Pfeiffer Syndrome

Pfeiffer syndrome is a rare genetic condition affecting primarily the skull and facial bones. It leads to craniosynostosis and underdevelopment of the facial bones. Studies have shown it occurs in approximately one in 100,000 births.  

Cause of Pfeiffer Syndrome

Pfeiffer syndrome is caused by gene mutations. In most cases, these mutations arise randomly. We don’t fully understand what causes this. However, it doesn’t appear that the mutation occurs as a result of something either parent does or fails to do. In fact, most parents who have a baby with this condition have normal genes. 

Children can pass the gene on to their children, however. Only one copy of the gene needs to be passed on for the new baby to have Pfeiffer syndrome. A parent this condition has a 50-50 chance of having a baby that also has it. Anyone with Pfeiffer syndrome who wishes to have children should consider meeting with a geneticist to discuss the risks and make a thoughtful, informed decision.

Characteristic Traits

The skull is comprised of a number of plates of bone, joined together at specialized joints called sutures. These sutures act like expansion joints, allowing the skull to get larger as your child grows and as the developing brain pushes outward. Some of these sutures fuse prematurely, preventing the skull from growing normally. Since the brain can’t push all parts of the skull outward as it grows, the brain instead pushes outward and upward in parts of the skull where these expansion joints are functioning. This leads to an abnormally shaped skull.

Children also have underdeveloped bones in the part of the face between the eyes and the mouth. The bones of the midface don’t grow forward as they should. The combined effect of the slowed growth of the forehead and midface makes the child’s eyes appear large and prominent. In fact, the eyes are normal-sized , but they aren’t as well protected and surrounded by bony structures as they should be, making them appear large.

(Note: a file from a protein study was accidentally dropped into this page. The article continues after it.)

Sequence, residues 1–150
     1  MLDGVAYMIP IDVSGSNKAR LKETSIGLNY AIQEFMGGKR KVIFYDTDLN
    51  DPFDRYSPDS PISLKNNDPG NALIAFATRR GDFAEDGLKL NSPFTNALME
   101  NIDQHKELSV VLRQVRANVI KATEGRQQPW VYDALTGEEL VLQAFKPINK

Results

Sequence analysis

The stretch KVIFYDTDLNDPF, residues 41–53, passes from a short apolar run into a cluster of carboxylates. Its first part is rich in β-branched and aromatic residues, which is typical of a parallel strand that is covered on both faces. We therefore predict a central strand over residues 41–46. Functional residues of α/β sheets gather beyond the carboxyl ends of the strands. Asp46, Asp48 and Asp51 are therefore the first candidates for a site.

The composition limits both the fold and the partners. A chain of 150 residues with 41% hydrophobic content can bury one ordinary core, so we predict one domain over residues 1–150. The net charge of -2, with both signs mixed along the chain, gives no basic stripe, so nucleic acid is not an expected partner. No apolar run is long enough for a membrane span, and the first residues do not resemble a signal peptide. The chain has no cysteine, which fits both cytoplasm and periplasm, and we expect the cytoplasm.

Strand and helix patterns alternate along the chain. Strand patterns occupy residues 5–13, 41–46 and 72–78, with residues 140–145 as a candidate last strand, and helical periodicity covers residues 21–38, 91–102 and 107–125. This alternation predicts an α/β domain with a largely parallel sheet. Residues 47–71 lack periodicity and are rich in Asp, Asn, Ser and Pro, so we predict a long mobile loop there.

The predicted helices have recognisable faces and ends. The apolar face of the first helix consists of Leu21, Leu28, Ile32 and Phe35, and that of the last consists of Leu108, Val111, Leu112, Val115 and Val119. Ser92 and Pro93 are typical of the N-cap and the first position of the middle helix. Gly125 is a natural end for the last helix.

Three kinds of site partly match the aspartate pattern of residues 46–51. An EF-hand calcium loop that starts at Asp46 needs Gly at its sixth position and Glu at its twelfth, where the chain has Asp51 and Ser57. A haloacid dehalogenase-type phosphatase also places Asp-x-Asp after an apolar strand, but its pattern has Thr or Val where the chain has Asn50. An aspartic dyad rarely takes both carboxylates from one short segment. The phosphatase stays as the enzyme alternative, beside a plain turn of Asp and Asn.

Additional characteristics include obstructive sleep apnea (due to the underdeveloped midface), conductive hearing loss, a higher incidence of reflux disease, developmental delays and a higher incidence of abnormalities of the cervical spine.  

Many children may also develop Chiari malformations.  A Chiari malformation occurs when a part of the brain gets pushed downward through the hole in the base of the skull. This can cause a type of sleep apnea called "central sleep apnea,” leading to decreased oxygen reaching the brain, particularly at night. This may hurt brain development. Children should be monitored closely for the development of a Chiari malformation.


Most often, Pfeiffer syndrome is diagnosed at birth based on the characteristic appearance of the face and skull. The suspected diagnosis is confirmed by genetic testing.

Surgical Treatment

Treatment of children is complex. It’s aimed at correcting the skull and midface abnormalities as well as the obstructive sleep apnea.

  • Skull surgery: Most children will need two to four skull operations over a lifetime. The earliest skull surgery is usually done in the first 18 months of life.
  • Midface surgery: The most common surgery for moving the bones of the midface forward is called a LeFort III operation. This surgery is usually done when your child is 6-8 years of age. The primary indications for performing a LeFort III operation include severe obstructive sleep apnea which can’t be improved without surgery or significant concerns about the child’s appearance.
  • Obstructive sleep apnea: Children frequently have obstructive sleep apnea due to the underdevelopment of the midface. As a result, your child should be monitored for sleep apnea by your craniofacial team. In mild cases of sleep apnea, medications may be sufficient to improve breathing. If more significant obstruction occurs, tonsillectomy or continuous positive airway pressure (CPAP) masks may help alleviate symptoms. Sometimes, a tracheostomy may be required in infants to ensure adequate breathing.

Midface surgery may be needed as your child gets older to fully treat obstructive sleep apnea or allow for eventual removal of a tracheostomy placed in infancy. Ultimately, the goal in all of these interventions is to ensure a good airway so your child can get enough oxygen to help her develop to her fullest potential.

Conditions Treated